As much as I love the Bull City, there's no question that Durham is a case-study for the concept of a divided America, one rich and one poor. The graph at left, from the 2006 Durham State of the Economy presentation, is a classic example. Compare the average household income in the city and county as a whole to that of residents of NECD, or the Fayetteville St. corridor. I don't imagine many of the residents of Liberty St. or Angier Ave. are saving beaucoup percentages of their take-home income; if anything, they're much more likely to be barely subsisting in many cases.
A transfer tax, on the other hand, is by its nature more progressive than a sales tax, given the income bias in homeownership. At the same time, given the large number of rental properties in Durham (many of which stay in the hands of long-term owners for a generation or more), it's unlikely to be passed along in the short-run to renters, a population that correlates highly with lower income.
Distribution of burden issues aside, Monday's Herald-Sun shows the latest analysis finds the sales tax netting about 15% less revenue than the transfer tax -- $9.8 instead of $11.6 million.
Ruffin and the county commissioners are realists, though. It's clear Ruffin knows what a fight he'd have on his hands if Durham is at the forefront of the transfer tax saga. But what does it say if we end up choosing a more-regressive, lower-payoff option to meet our infrastructure needs, all because all the real estate agents are aggrieved over commissions?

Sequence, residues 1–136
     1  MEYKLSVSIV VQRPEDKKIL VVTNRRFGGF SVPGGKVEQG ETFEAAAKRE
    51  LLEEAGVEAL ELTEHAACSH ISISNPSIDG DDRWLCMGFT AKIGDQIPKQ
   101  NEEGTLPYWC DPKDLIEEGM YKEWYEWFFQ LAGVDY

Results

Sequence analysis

To be honest, the best solution of all to our funding issues would have been more local flexibility in passing impact fees. After all, it's growth in terms of new housing and new developments that are the biggest drivers of school, road and infrastructure development. Other Sunbelt cities, like my old stomping ground of Orlando, grow far faster than Durham despite having impact fees that run into the high four digits.
In the end of the day, though, the real estate profession is panicked that transfer taxes and impact fees might sway a couple of homebuyers at the margin -- and paranoid that homebuyers might start asking for reductions in the juicy 6% commission, the swipe of hard-earned home equity that sellers traditionally pay for using a 'full-service' real estate agent. (A profession, incidentally, that enjoys significant legislative protection in most states.)
There's no question that Durham needs the revenue; though our nominal tax rates are high relative to the rest of the state, it bears to keep in mind that Durham is blessed with--
- A small size with significant watershed, limiting residential and industrial growth;
- RTP, which brings in lots of jobs but is exempt from all City taxes;
- Duke and the medical centers, which as non-profits reduce the usable tax base (though all the while bringing in many jobs and indirect economic benefit);
- A deeply impoverished urban area in the eastern and southeastern quadrant with low tax values.
At the end of the day, new revenue streams are needed to get past these thorny problems. And I'll certainly understand a realpolitik decision by Ruffin and the gang to make that happen. Too bad the best options may still be off the table.